logistics

logistics

[loh-jis-tiks, luh-]

In military science, all the activities of armed-force units in support of combat units, including transport, supply, communications, and medical aid. The term, first used by Henri Jomini, Alfred Thayer Mahan, and others, was adopted by the U.S. military in World War I and gained currency in other nations in World War II. Its importance grew in the 20th century with the increasing complexity of modern warfare. The ability to mobilize large populations has escalated military demands for supplies and provisions, and sophisticated technology has added to the cost and intricacy of weapons, communications systems, and medical care, creating the need for a vast network of support systems. In World War II, for instance, only about three in 10 U.S. soldiers served in a combat role.

Learn more about logistics with a free trial on Britannica.com.

Logistics is the management of the flow of goods, information and other resources, including energy and people, between the point of origin and the point of consumption in order to meet the requirements of consumers (frequently, and originally, military organizations). Logistics involve the integration of information, transportation, inventory, warehousing, material-handling, and packaging.

Origins and definition

The term "logistics" originates from the ancient Greek "λόγος" ("logos"—"ratio, word, calculation, reason, speech, oration").

Logistics is considered to have originated in the military's need to supply themselves with arms, ammunition and rations as they moved from their base to a forward position. In ancient Greek, Roman and Byzantine empires, there were military officers with the title ‘Logistikas’ who were responsible for financial and supply distribution matters.

The Oxford English dictionary defines logistics as: “The branch of military science having to do with procuring, maintaining and transporting material, personnel and facilities.”Another dictionary definition is: "The time related positioning of resources." As such, logistics is commonly seen as a branch of engineering which creates "people systems" rather than "machine systems"....

Logistician

Logistician is the profession in the logistics & transport sectors, including sea, air, land and rail modes. Professional qualifications for the logisticians can carry post-nominal letters. Common examples include FCILT/CMILT/MILT (by The Chartered Institute of Logistics & Transport) (CILT), EJLog/ESLog/EMLog (by European Logistics Association) (ELA), PLog (by Canadian Professional Logistics Institute, CITT (by Canadian Institute of Traffic and Transportation), CML/CPL (by International Society of Logistics) (SOLE), JrLog/Log/SrLog (by China Federation of Logistics & Purchasing) (CFLP), FHKLA/MHKLA (by Hong Kong Logistics Association) (HKLA), PLS/CTL/DLP (by American Society of Transportation & Logistics) (AST&L). However, some universities (i.e. Istanbul University, Turkey) and academic institutions do help in producing logisticians, by offering academic degree programmes at both undergraduate and postgraduate levels, too.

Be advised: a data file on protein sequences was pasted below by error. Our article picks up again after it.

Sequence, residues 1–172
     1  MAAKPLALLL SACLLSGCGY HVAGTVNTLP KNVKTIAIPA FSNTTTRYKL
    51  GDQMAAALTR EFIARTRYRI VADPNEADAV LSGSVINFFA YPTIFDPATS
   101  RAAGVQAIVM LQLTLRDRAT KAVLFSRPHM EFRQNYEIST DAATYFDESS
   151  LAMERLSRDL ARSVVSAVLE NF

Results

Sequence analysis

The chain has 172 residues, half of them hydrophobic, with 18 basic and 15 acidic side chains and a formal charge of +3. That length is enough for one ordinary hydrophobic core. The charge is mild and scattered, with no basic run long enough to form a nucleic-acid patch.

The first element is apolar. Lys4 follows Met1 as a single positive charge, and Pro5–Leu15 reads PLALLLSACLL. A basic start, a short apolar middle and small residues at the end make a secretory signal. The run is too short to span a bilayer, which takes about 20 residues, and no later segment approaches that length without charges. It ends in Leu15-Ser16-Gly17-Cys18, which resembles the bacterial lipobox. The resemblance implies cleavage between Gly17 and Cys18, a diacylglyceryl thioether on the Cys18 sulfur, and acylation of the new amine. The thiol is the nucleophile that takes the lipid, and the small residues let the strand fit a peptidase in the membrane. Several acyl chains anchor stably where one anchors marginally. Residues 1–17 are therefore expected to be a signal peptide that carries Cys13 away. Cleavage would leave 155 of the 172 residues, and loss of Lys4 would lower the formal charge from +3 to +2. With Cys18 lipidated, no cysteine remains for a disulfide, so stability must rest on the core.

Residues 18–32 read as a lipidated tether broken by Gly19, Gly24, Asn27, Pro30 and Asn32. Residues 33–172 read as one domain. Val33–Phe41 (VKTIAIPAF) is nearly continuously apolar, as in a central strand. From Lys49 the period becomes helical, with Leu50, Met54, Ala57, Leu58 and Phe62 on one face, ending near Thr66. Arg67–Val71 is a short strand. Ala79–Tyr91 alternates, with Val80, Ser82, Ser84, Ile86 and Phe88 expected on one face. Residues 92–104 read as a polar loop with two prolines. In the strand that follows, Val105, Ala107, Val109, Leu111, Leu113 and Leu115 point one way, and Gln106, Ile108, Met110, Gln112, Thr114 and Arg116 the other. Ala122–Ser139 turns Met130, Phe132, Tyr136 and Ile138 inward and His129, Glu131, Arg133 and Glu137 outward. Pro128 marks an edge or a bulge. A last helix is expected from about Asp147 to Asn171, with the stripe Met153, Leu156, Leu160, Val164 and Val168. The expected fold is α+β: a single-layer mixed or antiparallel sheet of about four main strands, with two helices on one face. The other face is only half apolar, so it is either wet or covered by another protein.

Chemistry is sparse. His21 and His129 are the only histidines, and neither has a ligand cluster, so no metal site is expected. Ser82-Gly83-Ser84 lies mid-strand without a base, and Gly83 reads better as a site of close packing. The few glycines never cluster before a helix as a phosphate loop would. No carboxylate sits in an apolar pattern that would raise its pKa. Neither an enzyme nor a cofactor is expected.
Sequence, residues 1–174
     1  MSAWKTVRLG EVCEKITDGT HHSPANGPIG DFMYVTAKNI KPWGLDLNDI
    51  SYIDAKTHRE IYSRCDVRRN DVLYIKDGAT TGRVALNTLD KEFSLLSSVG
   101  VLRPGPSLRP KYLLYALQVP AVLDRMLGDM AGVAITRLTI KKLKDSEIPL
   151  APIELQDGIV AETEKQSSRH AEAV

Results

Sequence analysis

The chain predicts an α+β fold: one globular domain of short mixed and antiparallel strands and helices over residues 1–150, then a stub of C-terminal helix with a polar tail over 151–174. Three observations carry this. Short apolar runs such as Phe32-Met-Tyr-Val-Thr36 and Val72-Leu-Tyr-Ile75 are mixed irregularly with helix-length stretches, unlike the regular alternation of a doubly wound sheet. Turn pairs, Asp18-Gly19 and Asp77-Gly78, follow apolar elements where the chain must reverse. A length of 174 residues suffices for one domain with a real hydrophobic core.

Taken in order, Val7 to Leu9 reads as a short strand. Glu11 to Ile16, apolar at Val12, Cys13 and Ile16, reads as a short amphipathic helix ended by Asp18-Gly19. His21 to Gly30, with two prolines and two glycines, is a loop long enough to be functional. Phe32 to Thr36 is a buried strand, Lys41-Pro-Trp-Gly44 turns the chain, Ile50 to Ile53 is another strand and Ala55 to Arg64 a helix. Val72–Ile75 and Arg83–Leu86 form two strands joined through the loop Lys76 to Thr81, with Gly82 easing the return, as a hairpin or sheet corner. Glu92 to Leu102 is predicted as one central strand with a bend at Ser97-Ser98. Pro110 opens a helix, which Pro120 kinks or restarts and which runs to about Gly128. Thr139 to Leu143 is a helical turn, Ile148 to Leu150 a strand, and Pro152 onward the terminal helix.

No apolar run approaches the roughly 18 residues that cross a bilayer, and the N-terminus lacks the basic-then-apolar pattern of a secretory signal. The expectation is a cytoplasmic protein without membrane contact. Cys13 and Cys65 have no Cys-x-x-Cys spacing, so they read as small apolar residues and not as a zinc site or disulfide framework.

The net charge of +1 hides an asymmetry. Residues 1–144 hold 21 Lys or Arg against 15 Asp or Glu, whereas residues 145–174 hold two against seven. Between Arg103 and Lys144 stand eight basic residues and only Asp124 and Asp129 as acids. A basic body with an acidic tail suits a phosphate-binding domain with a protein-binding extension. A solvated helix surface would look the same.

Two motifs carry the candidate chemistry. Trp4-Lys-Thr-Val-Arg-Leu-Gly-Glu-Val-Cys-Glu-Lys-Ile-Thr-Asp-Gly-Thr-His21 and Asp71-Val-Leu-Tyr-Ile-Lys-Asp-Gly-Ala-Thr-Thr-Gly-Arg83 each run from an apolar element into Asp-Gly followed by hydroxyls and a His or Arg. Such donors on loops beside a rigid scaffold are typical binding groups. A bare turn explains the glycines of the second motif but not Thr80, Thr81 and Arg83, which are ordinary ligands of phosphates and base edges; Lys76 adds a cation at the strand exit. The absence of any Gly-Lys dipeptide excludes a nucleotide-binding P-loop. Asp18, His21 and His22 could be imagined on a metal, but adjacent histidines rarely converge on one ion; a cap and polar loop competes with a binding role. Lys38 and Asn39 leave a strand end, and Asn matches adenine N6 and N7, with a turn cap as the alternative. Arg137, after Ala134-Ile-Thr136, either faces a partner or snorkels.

Military logistics

In military logistics, logistics officers manage how and when to move resources to the places they are needed. In military science, maintaining one's supply lines while disrupting those of the enemy is a crucial—some would say the most crucial—element of military strategy, since an armed force without resources and transportation is defenseless.

The defeat of the British in the American War of Independence, and the defeat of Erwin Rommel in World War II, have been largely attributed to logistical failure. The historical leaders Hannibal Barca, Alexander the Great and the Duke of Wellington are considered to have been logistical geniuses.

Another field within logistics is called Medical logistics.

Logistics management

Logistics management is that part of the supply chain which plans, implements and controls the efficient, effective forward and reverse flow and storage of goods, services and related information between the point of origin and the point of consumption in order to meet customers' requirements. A professional working in the field of logistics management is called a logistician.

The Chartered Institute of Logistics & Transport (CILT) was established in the United Kingdom in 1919 and was granted the Royal Charter in 1926. The Chartered Institute is one of professional bodies or institutions for the logistics & transport sectors, that offers such professional qualification or degree in logistics management.

Definitions of logistics outsourcing (3PL)

According to Baziotopoulos (2008) (PhD thesis- "an investigation of logistics outsourcing practices in the greek manufacturing sector"), logistics outsourcing or third-party logistics (3PL) “involves the utilization of external organizations to execute logistics activities that have traditionally been performed within an organization itself”. According to this definition, third party logistics includes any form of outsourcing of logistics activities previously performed in-house. If, for example, a company with its own transport facilities decides to employ external warehouse specialist, this would be an example of third party logistics.

Another definition comes by Rabinovich et al. (1999) who defined logistics outsourcing as “long and short-term contracts of alliances between manufacturing and service firms and third-party logistics providers” (Rabinovich et al., pg. 353). This definition has been largely used on the needs that firm characteristics influence the decision to contract multiple third-party logistics services, and therefore, firms have to obtain cost savings and to concentrate on their core competencies. The agreement also becomes more formalized with mutual commitments from both parties. In such partnerships the partners attempt to keep their autonomy, while at the same time collaboration is vital to develop more efficient results. Sometimes, the agreement specifies that the external service provider fully or partly takes responsibility over personnel, equipment and plant of the client firm.

Similar to the above definition, Hertz and Alfredsson (2003, pg. 139) simply stated that logistics outsourcing involves “an external provider who manages, controls, and delivers logistics activities on behalf of a shipper”. The purpose is that both parties develop a mutually beneficial and continuous strategic relationship and all or a part of the logistics activities are performed in a satisfactory way for the partners, with the guarantee of the quality of performance and benefits involved.